wherein R7 is selected from the group comprising alkyls, halogenated alkyls, aryls and halogenated aryls, and R8 equals H, CH3, alkyl, and fluoroalkyl, and X and X1 are groups containing photopolymerizable moieties and m and n are integers.
In one embodiment the acrylate based MC has the formula
wherein R9 is selected from the group comprising alkyls and halogenated alkyls R10 and R11 are different and are selected from the group consisting of alkyls, halogenated alkyls, aryls and halogenated aryls, x and x1 are as defined above and is either zero or an integer.
In especially preferred embodiments, an MC monomer is of the following formula:
wherein x and x1 are the same and R1, R2, R3, and R4 are as defined previously. Illustrative examples of such MC monomers include dimethylsiloxane-diphenylsiloxane copolymer endcapped with a vinyl dimethylsilane group; dimethylsiloxane-methylphenylsiloxane copolymer endcapped with a methacryloxypropyl dimethylsilane group; and dimethylsiloxane endcapped with a methacryloxypropyldimethylsilane group. Although any suitable method may be used, a ring-opening reaction of one of more cyclic siloxanes in the presence of triflic acid has been found to be a particularly efficient method of making one class of inventive MC monomers. Briefly, the method comprises contacting a cyclic siloxane with a compound of the formula:
in the presence of triflic acid wherein R5, R6, and Z are as defined previously. The cyclic siloxane may be a cyclic siloxane monomer, homopolymer, or copolymer. Alternatively, more than one cyclic siloxane may be used. For example, a cyclic dimethylsiloxane tetramer and a cyclic methyl-phenylsiloxane trimer are contacted with bismethacryloxypropyltetramethyldisiloxane in the presence of triflic acid to form a dimethyl-siloxane methyl-phenylsiloxane copolymer that is endcapped with a methacryloxylpropyl-dimethylsilane group, an especially preferred MC monomer.
In another embodiment, where the first polymer matrix is formed from derivatized PVAs of from (poly(HEMA)s with reactive groups, the MC may be formed from the same compositions, but with significantly lower molecular weights (i.e. ˜1,000) and with reactive groups which polymerize via a different mechanism, or at a substantially different rate. In one embodiment, the first polymer matrix is formed by the photopolymerization of an acetal derivatized PVA having reactive methacrylate side groups. The derivaized PVA has a molecular weight of about 10,000. In this case, the MC may comprise a similar derivatized PVA with a lower molecular weight (˜1000) and having reactive acrylate side groups. Upon exposure to photoradiation, the higher molecular weight derivatized PVA will polymerize faster than the MC forming the polymer matrix before significant amounts of the MC have been polymerized. This creates a polymer matrix with free MC dispersed therein. The free MC is then available for further polymerization as part of the customization process. Similar results may be achieved using high and low molecular weight (poly(HEMA)s with different polymerizable side groups.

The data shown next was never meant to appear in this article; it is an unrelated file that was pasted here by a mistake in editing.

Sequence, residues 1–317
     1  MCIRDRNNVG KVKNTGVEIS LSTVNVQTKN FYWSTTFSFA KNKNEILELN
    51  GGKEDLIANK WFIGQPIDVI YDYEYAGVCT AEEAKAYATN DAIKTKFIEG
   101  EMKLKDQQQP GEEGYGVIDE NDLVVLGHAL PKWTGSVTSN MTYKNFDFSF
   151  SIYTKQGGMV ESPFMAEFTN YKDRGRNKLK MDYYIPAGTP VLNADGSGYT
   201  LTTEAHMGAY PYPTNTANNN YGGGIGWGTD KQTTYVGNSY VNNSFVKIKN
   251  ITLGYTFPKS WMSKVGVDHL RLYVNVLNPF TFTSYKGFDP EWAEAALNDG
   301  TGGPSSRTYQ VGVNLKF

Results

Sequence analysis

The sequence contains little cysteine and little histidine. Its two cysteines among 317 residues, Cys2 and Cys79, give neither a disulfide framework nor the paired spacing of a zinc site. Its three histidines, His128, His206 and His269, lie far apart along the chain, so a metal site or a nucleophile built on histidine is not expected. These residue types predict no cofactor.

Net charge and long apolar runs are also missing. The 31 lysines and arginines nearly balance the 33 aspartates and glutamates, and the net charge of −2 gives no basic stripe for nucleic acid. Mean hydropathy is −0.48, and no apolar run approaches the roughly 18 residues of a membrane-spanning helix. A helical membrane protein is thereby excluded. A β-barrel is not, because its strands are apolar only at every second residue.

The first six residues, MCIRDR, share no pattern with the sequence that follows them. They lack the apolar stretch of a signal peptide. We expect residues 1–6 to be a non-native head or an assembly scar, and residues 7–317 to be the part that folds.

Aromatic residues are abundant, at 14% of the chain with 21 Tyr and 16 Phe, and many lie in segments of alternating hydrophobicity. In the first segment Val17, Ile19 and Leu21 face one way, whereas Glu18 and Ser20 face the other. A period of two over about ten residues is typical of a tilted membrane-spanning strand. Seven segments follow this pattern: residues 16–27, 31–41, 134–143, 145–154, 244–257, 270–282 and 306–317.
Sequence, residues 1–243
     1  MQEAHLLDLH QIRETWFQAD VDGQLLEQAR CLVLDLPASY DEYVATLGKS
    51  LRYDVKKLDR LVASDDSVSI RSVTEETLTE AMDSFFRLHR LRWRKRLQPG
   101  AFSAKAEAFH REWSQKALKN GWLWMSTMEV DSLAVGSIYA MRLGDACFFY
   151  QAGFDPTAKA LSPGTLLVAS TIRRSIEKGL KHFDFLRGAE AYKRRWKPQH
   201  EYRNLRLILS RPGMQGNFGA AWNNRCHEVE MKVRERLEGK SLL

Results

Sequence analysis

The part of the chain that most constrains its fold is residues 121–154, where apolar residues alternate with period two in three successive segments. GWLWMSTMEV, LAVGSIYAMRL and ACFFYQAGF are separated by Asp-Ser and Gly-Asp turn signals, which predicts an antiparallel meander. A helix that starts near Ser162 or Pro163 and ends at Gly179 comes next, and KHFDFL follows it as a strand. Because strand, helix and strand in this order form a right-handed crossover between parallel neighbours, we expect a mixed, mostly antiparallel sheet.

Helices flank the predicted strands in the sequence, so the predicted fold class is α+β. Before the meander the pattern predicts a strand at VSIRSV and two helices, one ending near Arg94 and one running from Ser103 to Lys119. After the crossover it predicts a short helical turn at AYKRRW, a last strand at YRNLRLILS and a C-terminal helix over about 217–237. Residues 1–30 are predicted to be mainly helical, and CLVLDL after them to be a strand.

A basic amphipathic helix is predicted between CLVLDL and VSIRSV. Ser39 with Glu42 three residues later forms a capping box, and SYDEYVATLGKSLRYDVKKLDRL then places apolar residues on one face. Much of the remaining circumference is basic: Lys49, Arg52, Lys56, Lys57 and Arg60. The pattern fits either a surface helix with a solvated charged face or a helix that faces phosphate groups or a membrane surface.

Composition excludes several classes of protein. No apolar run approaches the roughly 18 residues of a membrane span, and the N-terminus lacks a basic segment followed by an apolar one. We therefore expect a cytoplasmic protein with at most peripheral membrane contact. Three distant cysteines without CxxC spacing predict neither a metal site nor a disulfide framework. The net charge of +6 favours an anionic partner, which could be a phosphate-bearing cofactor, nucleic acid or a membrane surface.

As discussed above, the stimulus-induced polymerization requires the presence of an initiator. The initiator is such that upon exposure to a specific stimuli, it induces or initiates the polymerization of the MC. In the preferred embodiment, the initiator is a photoinitiator. The photoinitiator may also be associated with a sensitizer. Examples of photoinitiators suitable for use in the practice of the invention are acetophenones (e.g., substituted haloaceto phenones and diethoxyacetophenone); 2,4-dichloromethyl-1,3,5-triazines; benzoin methyl ether; and O-benzoyl oximino ketone.
Suitable sensitizers include p-(dialkylamino aldehyde); n-alkylindolylidene; and bis [p-(dialkyl amino) benzylidene] ketone.
In practice of the invention, lenses are prefabricated in the manner described above. These lenses are then modified based on the patient's specific needs in the following manner.
First, the patient is examined to determine the individual's specific optical needs. This examination is the same as routinely conducted by ophthalmologists and optometrists. It may involve autorefraction, wavefront based aberrometric analysis, surface topography, and the like.
Based on the results of the examination, a prescription is developed, specifying the desired properties for the lenses. This can include correction for myopia, astigmatism and the like. Once these correction values have been determined, an unmodified lens is then exposed to an external stimulus in a pattern and at sufficient intensity to induce the desired changes in the lenses. Once the desired properties have been achieved, the lenses are dispersed to the patient.